BDD and test parallelisation with Lettuce
One of the most appreciated agile practices, that proved to be notably valuable in many projects is Test Driven Development (TDD). Many teams use TDD as a way to validate their work, in many stages of the product's lifecycle. The value of having a quick feedback on the status of the code every time a change is made is not difficult to figure out, and we have already discussed about the advantages of having a safety net when refactoring or rewriting small to big pieces of code, which is one of the many positive "side-effects" that come for free when adopting such a test driven approach.
Of the many shapes that TDD has taken since its conception, one of the most interesting is certainly BDD, for the power it has of describing the features of a system in a way that can be shared and understood not only by the developers of the system, but all of the roles involved in the project (end users, stakeholders…). For web applications, a test written using the BDD approach normally means having a browser opened up, usually a step that takes care of preparing the data needed to exercise the system under test, and then one or more steps that serve as a validation of the expected behavior.
Many tools exist that help in both the task of translating BDD test definitions into something that can be actually executed and automated, and the task of interacting with the browser.
At Agilo Software, we make extensive use of two of them:
- Lettuce (http://lettuce.it) which is one of the Python alternatives to the Ruby world's Cucumber;
- Selenium (http://www.seleniumhq.org) for web browser automation.
In spite of all the efforts targeting optimization, performance, and speed of execution, this kind of tests are time consuming, besides being quite expensive to maintain and these two downsides are much more prominent when comparing this kind of tests to different types like unit tests, for example.Furthermore, the aspect related to maintenance costs is in turn affected by the aspect of slow speed of execution, as a slow feedback cycle does nothing but making things worse when debugging such tests. We have found a good way of dealing with the execution time problem hence reducing dramatically the maintenance costs as a consequence, and this solution is based on the parallelisation of tests execution.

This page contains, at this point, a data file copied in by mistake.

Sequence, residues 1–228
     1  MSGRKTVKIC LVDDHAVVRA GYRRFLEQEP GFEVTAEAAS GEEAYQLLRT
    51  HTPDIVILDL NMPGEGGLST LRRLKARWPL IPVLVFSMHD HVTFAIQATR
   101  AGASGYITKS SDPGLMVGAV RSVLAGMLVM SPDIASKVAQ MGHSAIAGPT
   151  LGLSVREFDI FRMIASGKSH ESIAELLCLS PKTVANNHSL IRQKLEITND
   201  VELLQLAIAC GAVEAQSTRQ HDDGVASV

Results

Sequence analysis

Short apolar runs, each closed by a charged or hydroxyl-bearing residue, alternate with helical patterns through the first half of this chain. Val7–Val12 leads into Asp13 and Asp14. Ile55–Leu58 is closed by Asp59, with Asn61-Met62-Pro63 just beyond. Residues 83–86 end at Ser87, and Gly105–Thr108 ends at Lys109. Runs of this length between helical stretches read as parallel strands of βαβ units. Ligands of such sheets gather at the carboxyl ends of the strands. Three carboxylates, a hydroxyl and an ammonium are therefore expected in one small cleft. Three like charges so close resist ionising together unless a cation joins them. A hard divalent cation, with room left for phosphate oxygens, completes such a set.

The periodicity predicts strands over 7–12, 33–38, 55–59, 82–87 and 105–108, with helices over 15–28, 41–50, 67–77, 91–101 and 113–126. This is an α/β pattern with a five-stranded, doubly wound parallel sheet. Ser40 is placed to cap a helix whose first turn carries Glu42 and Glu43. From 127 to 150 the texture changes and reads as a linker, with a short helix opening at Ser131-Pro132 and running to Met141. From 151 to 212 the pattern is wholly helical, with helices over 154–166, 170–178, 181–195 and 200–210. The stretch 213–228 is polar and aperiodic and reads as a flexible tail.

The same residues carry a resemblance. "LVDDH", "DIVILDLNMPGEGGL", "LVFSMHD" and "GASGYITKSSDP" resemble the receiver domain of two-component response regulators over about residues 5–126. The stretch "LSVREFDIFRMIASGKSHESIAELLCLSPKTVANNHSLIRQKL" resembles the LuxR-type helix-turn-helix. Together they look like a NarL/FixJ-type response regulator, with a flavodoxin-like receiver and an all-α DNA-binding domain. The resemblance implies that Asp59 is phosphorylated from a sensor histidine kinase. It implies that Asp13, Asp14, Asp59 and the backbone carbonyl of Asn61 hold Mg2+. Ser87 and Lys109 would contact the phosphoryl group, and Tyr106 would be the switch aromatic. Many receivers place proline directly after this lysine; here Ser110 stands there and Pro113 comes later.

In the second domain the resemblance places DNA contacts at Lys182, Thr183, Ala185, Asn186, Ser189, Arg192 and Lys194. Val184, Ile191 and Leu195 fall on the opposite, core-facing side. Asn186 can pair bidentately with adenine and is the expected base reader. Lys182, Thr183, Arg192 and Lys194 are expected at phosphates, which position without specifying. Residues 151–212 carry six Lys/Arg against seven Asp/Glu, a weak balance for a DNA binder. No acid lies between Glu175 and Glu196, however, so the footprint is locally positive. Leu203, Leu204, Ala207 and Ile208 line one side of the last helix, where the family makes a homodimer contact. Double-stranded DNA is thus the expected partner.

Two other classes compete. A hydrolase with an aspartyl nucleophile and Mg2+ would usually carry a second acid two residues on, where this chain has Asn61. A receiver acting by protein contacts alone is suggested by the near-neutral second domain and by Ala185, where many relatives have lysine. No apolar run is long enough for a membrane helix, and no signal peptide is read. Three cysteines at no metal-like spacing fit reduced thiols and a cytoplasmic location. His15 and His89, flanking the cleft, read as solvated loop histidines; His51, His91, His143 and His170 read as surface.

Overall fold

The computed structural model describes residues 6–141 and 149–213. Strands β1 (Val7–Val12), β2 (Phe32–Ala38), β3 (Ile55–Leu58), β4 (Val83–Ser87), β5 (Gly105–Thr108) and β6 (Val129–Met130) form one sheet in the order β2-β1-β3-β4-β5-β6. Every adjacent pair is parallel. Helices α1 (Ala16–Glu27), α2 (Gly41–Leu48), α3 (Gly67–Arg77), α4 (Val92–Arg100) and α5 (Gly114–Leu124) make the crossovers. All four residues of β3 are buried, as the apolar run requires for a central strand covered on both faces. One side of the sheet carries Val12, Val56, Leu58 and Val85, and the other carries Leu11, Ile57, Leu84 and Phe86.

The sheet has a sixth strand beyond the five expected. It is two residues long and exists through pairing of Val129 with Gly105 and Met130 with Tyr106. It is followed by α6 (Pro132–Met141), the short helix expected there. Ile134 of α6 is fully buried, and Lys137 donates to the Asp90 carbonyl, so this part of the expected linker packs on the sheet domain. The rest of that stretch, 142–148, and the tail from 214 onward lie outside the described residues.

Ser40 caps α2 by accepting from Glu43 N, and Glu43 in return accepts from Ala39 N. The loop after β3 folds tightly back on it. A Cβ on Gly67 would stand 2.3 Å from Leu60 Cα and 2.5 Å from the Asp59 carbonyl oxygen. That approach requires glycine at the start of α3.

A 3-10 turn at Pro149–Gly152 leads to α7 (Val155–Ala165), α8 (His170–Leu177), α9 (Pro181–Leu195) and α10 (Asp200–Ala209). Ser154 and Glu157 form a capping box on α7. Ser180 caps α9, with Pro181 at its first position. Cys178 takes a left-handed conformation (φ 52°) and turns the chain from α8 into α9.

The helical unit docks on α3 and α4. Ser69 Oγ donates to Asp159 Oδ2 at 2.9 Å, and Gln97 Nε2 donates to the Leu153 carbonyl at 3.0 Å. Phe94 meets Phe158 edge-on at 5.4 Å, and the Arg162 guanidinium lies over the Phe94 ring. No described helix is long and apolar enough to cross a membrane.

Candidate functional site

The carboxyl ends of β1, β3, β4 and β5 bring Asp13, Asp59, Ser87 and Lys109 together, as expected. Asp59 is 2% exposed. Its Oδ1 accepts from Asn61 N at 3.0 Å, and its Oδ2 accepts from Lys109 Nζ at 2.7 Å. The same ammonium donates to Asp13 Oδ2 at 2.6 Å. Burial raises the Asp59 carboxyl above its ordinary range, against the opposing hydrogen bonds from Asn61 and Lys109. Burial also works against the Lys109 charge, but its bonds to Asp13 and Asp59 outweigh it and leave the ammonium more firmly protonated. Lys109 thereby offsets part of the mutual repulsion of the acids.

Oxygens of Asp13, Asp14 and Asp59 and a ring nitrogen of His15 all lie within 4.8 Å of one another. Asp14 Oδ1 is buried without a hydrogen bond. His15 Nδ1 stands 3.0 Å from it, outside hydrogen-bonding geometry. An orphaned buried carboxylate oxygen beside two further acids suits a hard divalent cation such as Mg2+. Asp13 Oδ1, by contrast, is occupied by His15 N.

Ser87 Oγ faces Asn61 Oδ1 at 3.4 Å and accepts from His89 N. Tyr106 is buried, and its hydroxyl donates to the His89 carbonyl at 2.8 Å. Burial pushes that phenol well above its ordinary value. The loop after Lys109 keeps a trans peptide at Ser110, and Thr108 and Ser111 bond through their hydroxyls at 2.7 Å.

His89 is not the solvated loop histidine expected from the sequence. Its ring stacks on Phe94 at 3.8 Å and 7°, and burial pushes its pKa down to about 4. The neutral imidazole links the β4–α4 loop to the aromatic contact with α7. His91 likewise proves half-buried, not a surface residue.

Of all the existing solutions we investigated, none seemed to meet our needs:
Selenium grid: is a good solution to run the same (or different) tests using a shared server, different browser instances, possibly of different vendors, and even different platforms. In our case using Lettuce as the main test runner, having multiple browser available for parallel testing does not solve the problem of running the different scenarios in parallel;
Parallel_tests takes advantage of multiple CPU cores and is a native cucumber-ruby tool. Although it is possible to run non-ruby tests with Cucumber, we already had quite some infrastructure code tied to Lettuce and preferred not to add another adaptation layer to it, which could have affected, among other things, the speed execution that we were just trying to reduce. Furthermore parallel_tests does not support running the tests batches spread over different machines.